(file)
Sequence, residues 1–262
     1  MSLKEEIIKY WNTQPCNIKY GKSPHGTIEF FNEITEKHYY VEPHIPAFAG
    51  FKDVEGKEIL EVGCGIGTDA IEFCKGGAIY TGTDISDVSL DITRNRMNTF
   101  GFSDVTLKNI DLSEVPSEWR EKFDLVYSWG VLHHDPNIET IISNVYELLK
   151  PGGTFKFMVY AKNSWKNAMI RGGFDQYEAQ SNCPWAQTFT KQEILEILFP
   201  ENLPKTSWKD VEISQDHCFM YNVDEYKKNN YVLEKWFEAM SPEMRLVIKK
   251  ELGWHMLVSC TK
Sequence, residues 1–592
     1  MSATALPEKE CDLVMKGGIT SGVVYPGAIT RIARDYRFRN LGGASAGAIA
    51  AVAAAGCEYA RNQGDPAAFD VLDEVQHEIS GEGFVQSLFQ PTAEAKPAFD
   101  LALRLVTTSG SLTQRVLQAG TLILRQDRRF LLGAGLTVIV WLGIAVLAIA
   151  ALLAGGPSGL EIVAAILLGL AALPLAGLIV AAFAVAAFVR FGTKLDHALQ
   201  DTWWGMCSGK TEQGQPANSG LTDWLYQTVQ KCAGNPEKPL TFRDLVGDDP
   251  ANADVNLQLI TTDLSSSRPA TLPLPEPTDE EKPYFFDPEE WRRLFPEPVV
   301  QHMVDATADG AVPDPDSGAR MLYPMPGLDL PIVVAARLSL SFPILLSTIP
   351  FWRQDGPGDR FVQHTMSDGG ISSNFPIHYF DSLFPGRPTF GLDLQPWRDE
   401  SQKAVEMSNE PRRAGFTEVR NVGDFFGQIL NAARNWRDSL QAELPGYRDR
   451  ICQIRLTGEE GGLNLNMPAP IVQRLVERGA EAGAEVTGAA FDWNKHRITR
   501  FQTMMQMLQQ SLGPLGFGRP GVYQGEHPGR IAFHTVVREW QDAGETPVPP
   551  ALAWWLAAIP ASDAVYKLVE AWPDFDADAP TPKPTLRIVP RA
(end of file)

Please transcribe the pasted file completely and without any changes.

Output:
Sequence, residues 1–262
     1  MSLKEEIIKY WNTQPCNIKY GKSPHGTIEF FNEITEKHYY VEPHIPAFAG
    51  FKDVEGKEIL EVGCGIGTDA IEFCKGGAIY TGTDISDVSL DITRNRMNTF
   101  GFSDVTLKNI DLSEVPSEWR EKFDLVYSWG VLHHDPNIET IISNVYELLK
   151  PGGTFKFMVY AKNSWKNAMI RGGFDQYEAQ SNCPWAQTFT KQEILEILFP
   201  ENLPKTSWKD VEISQDHCFM YNVDEYKKNN YVLEKWFEAM SPEMRLVIKK
   251  ELGWHMLVSC TK
Sequence, residues 1–592
     1  MSATALPEKE CDLVMKGGIT SGVVYPGAIT RIARDYRFRN LGGASAGAIA
    51  AVAAAGCEYA RNQGDPAAFD VLDEVQHEIS GEGFVQSLFQ PTAEAKPAFD
   101  LALRLVTTSG SLTQRVLQAG TLILRQDRRF LLGAGLTVIV WLGIAVLAIA
   151  ALLAGGPSGL EIVAAILLGL AALPLAGLIV AAFAVAAFVR FGTKLDHALQ
   201  DTWWGMCSGK TEQGQPANSG LTDWLYQTVQ KCAGNPEKPL TFRDLVGDDP
   251  ANADVNLQLI TTDLSSSRPA TLPLPEPTDE EKPYFFDPEE WRRLFPEPVV
   301  QHMVDATADG AVPDPDSGAR MLYPMPGLDL PIVVAARLSL SFPILLSTIP
   351  FWRQDGPGDR FVQHTMSDGG ISSNFPIHYF DSLFPGRPTF GLDLQPWRDE
   401  SQKAVEMSNE PRRAGFTEVR NVGDFFGQIL NAARNWRDSL QAELPGYRDR
   451  ICQIRLTGEE GGLNLNMPAP IVQRLVERGA EAGAEVTGAA FDWNKHRITR
   501  FQTMMQMLQQ SLGPLGFGRP GVYQGEHPGR IAFHTVVREW QDAGETPVPP
   551  ALAWWLAAIP ASDAVYKLVE AWPDFDADAP TPKPTLRIVP RA